Vendors Offer Handmade Gifts at Schenectady Jay St. Collective Market – The Daily Gazette

Looking for unique, handmade gifts this holiday season? Jay St. Collective in Schenectady, a year-round indoor manufacturers market, offers quilts, candles, ornaments, glassware and more from 19 local artists and entrepreneurs.

“When you shop here, you are supporting members of your community,” said Erin Eckler, owner of Jay St. Collective. “Plus, we have so many unique items made by creative and talented people, so it’s a whole different experience than shopping at a bigger store.”

Eckler opened the collective in October at 135 Jay St. after the Clinton Street Mercantile closed in Schenectady, where she had been a salesperson.

“I was doing really well on Clinton Street and when I found out it was closing I wanted to keep doing it and other vendors felt the same,” said the Gloversville resident. “I also fell in love with the concept of Clinton Street.

Salespeople rent the space, so they have the freedom to work on other work, and are also able to record their own inventory and set their own prices. It’s a shop within a shop.

Since the collective’s opening, seller Paul Martin, owner of PhD Design, has been selling his printed postcards, silkscreen posters, magnets, glassware and more, featuring Capital Region landmarks such as Union College, General Electric and Nipper.

Index – Celebrate: There is still so much to celebrate

“You can introduce new products and change things easily,” he said of the collective’s model. “It’s a nice, intimate and well organized space featuring vendors of different specialties who work well together.”

Martin said that this holiday season, guests can expect area landmarks such as Schenectady, Niskayuna, the historic stockade gates and Schenectady station on ornaments and ceramic trivets.

“People are very proud of where they live, so I try to specialize in products that feature that,” he said. “Each seller in the collective is proud of their products and we are grateful to have the opportunity to sell in such a beautiful space. “

Support the locals
Like Martin, Shelley Burgio, furniture designer and owner of Consider This Furniture, has also moved from the Clinton Street Mercantile to the Jay St. Collective.

“I was so excited when Erin opened the collective,” Burgio said. “It’s like having my own store, but having the ability to set my own schedule and being able to watch it grow. The more I put into it, the more it can become a success.

Burgio started his small business in 2009 and started selling antique glassware and home decor before embarking on furniture design three years ago.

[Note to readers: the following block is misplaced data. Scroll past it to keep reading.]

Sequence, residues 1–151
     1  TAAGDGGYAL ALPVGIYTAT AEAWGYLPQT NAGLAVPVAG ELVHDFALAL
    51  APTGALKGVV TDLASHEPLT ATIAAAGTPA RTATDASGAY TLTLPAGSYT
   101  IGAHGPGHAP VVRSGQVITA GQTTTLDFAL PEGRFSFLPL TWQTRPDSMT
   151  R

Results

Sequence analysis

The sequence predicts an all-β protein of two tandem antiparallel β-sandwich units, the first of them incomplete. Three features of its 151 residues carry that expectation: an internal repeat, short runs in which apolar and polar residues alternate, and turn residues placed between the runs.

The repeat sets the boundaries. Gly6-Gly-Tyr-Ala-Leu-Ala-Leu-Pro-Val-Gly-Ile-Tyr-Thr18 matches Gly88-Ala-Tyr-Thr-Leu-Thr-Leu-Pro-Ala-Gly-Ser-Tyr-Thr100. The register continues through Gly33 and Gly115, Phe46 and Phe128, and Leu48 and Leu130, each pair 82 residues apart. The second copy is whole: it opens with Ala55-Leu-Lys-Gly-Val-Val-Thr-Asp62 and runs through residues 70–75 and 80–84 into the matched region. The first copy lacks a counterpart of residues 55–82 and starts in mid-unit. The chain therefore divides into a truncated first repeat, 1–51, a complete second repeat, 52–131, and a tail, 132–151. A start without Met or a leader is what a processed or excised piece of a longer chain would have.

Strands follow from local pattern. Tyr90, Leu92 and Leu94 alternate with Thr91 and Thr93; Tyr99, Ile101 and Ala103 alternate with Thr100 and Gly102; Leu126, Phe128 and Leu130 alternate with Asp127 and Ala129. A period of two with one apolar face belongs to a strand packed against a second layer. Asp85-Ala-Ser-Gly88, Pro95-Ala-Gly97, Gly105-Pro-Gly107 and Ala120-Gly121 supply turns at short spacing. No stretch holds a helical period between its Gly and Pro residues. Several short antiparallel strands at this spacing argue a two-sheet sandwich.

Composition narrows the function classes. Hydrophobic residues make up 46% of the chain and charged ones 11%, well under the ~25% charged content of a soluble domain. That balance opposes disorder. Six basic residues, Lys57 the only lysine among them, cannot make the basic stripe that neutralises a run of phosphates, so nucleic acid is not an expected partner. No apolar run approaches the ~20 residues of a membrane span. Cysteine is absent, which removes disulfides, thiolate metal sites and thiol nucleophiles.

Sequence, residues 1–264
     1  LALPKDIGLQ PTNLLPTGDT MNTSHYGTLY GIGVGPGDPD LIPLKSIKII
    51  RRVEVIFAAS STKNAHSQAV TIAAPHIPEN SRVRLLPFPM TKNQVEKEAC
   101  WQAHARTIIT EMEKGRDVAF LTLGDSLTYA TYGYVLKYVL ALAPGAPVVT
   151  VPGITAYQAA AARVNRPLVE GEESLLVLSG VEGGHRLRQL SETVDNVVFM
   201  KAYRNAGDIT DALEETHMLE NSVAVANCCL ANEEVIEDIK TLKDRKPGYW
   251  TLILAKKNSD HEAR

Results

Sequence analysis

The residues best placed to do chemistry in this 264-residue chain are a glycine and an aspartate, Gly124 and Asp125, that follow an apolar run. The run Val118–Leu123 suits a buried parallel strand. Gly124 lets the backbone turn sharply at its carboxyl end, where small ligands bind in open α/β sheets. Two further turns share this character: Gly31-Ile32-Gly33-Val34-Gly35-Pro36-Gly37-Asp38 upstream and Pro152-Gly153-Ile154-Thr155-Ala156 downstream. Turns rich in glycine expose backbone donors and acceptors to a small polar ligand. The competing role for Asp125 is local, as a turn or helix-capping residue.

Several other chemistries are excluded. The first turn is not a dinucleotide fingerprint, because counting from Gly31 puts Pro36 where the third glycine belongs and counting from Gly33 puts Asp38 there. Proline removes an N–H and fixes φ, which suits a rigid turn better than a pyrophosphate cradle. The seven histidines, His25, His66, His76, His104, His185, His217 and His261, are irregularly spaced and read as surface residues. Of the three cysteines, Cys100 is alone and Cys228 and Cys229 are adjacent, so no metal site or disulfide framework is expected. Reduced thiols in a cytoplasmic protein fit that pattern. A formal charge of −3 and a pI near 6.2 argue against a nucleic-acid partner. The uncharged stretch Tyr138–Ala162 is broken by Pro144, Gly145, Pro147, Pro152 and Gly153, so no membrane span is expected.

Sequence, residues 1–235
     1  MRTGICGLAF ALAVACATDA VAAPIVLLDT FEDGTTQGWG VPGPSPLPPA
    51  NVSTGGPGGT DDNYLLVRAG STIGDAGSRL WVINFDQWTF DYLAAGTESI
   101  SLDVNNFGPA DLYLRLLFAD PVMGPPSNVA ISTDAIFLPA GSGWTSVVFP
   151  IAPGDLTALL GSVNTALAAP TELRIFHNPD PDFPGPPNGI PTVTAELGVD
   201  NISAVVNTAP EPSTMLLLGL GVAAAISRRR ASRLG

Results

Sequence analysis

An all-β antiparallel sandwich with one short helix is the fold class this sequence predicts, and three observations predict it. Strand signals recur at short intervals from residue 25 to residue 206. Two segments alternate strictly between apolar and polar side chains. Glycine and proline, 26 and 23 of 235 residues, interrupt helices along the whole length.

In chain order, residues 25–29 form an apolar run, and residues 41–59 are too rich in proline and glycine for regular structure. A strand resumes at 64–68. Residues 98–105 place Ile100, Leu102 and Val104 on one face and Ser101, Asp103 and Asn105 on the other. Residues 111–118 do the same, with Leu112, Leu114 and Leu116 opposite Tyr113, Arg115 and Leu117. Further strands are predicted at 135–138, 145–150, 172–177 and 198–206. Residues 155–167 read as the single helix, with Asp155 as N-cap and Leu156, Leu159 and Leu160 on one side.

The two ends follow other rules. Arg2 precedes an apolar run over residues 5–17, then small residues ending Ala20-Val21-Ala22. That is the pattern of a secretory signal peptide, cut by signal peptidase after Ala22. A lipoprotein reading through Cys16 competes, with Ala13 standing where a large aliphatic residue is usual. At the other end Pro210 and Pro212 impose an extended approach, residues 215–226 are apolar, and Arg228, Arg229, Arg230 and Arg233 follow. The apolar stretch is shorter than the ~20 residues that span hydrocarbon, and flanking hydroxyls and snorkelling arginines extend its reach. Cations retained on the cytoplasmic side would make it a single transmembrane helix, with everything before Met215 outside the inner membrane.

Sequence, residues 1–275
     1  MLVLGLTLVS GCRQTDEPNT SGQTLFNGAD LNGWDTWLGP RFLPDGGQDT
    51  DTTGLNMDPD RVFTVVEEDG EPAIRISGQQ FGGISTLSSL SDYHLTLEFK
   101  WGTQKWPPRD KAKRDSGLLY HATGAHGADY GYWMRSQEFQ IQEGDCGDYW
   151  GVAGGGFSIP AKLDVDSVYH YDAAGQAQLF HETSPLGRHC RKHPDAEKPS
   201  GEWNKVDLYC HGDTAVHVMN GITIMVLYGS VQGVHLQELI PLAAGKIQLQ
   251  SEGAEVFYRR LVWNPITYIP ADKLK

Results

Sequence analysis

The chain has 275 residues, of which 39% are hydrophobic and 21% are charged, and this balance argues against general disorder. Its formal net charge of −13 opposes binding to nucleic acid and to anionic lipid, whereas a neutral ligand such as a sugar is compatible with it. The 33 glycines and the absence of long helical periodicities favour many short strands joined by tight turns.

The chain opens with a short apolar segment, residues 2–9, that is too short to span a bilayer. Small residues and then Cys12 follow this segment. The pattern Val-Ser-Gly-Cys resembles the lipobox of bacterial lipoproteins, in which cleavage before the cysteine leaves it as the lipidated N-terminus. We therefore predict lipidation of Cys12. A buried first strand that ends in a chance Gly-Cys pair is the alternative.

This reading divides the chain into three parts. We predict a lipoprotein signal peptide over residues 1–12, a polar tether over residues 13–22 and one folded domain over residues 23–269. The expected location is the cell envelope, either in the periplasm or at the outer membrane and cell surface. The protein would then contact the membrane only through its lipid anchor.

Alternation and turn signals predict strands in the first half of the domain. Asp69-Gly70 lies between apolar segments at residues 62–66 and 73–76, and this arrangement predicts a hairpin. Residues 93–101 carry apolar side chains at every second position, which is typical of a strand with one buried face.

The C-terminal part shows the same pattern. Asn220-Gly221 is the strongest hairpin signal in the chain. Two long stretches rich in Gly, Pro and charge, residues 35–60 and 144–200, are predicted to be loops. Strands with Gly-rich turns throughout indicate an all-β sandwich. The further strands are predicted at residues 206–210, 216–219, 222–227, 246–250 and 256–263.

“I started making custom parts and learned a lot doing it,” she said. “During the COVID-19 pandemic, people were spending more time at home and started thinking about how they could improve their homes, so I had a lot of clients reaching out to me.”

In addition to creating custom pieces for customers, Burgio has also become an elite retailer for the Dixie Belle Paint Company and now stocks its full lines of mineral chalk and silk paint at the Jay St. Collective for customers to use. can design their own furniture.

“Do it yourself [DIY] is more profitable and helps customers make a difference, ”she said. “Interior design makes people feel good about the space they live in. “

This holiday season, Burgio presents holiday-themed jugs, cake stand stands and ornaments at the Jay St. Collective.

“Having a place where you shop from a variety of vendors who have worked hard to make holiday items is so nice,” she said. “Plus, you support the local while choosing from unique, handmade items. “

Burgio said she hopes the Jay St. Collective becomes the go-to place to shop for gifts.

“It’s such a nice and welcoming atmosphere with a great group of vendors,” she said. “There is always something new to watch.

The Niskayuna resident added that Jay Street is a local gem. “I love having an area like Jay Street where you can shop, have coffee and eat,” she said. “Schenectady has grown so much and there’s always something going on. Hopefully the collective will bring more people to Jay Street and allow other small business owners to grow their businesses. “

encourage them
Helping other small business owners is one of the Jay St. Collective’s primary jobs, according to Eckler.

“The model is designed to grow small businesses, and it certainly has happened,” she said. “I hope this will continue and the suppliers can grow from this space and open up theirs. “

For Eckler, who grew up in Schenectady, the choice to open the store in the Electric Town was easy.

“There is a creative energy in Schenectady that I haven’t experienced elsewhere,” she said. “People here are so passionate about creativity and there has always been someone to cheer me on. I like to be a part of that now and be the one to cheer on all of my vendors.

Going forward, Eckler is looking to add more vendors to the Jay St. Collective. Besides having an active Instagram account for marketing purposes, she said additional vendor requirements include quality product manufacturing and a team player attitude.

“It’s important to have someone who is passionate about the collaborative environment we have and who is excited about what everyone else is doing,” she said. “Most people understand what we’re trying to do and really appreciate what we’re trying to do. The answer has been validated and makes me think that this jump I took was a good idea.

Throughout the month of December, the Jay St. Collective will have extended vacation hours on Thursdays from 11 a.m. to 7 p.m. and will be open Christmas Week Monday through Thursday from 11 a.m. to 7 p.m. and Christmas Eve from 11 a.m. to 7 p.m. 11 a.m. to 2 p.m. For more information call (518) 986-9894 or visit

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